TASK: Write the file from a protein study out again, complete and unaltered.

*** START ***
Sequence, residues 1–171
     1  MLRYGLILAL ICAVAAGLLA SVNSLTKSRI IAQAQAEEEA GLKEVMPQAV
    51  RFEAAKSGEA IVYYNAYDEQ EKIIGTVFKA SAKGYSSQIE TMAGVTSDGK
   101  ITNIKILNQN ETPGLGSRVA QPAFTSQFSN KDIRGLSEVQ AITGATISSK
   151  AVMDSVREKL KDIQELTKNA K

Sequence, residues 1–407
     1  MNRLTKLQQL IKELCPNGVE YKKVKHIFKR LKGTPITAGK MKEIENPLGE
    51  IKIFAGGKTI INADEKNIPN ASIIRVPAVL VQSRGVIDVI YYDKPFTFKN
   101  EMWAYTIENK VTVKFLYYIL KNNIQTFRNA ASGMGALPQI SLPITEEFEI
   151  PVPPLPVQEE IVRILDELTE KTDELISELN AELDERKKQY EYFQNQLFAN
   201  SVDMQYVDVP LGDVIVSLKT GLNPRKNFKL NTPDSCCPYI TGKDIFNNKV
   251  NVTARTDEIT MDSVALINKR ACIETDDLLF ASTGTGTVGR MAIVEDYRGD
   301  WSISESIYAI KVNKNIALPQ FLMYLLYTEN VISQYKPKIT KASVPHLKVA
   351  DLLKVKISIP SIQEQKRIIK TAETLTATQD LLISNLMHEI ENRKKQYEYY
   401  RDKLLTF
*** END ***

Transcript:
Sequence, residues 1–171
     1  MLRYGLILAL ICAVAAGLLA SVNSLTKSRI IAQAQAEEEA GLKEVMPQAV
    51  RFEAAKSGEA IVYYNAYDEQ EKIIGTVFKA SAKGYSSQIE TMAGVTSDGK
   101  ITNIKILNQN ETPGLGSRVA QPAFTSQFSN KDIRGLSEVQ AITGATISSK
   151  AVMDSVREKL KDIQELTKNA K

Sequence, residues 1–407
     1  MNRLTKLQQL IKELCPNGVE YKKVKHIFKR LKGTPITAGK MKEIENPLGE
    51  IKIFAGGKTI INADEKNIPN ASIIRVPAVL VQSRGVIDVI YYDKPFTFKN
   101  EMWAYTIENK VTVKFLYYIL KNNIQTFRNA ASGMGALPQI SLPITEEFEI
   151  PVPPLPVQEE IVRILDELTE KTDELISELN AELDERKKQY EYFQNQLFAN
   201  SVDMQYVDVP LGDVIVSLKT GLNPRKNFKL NTPDSCCPYI TGKDIFNNKV
   251  NVTARTDEIT MDSVALINKR ACIETDDLLF ASTGTGTVGR MAIVEDYRGD
   301  WSISESIYAI KVNKNIALPQ FLMYLLYTEN VISQYKPKIT KASVPHLKVA
   351  DLLKVKISIP SIQEQKRIIK TAETLTATQD LLISNLMHEI ENRKKQYEYY
   401  RDKLLTF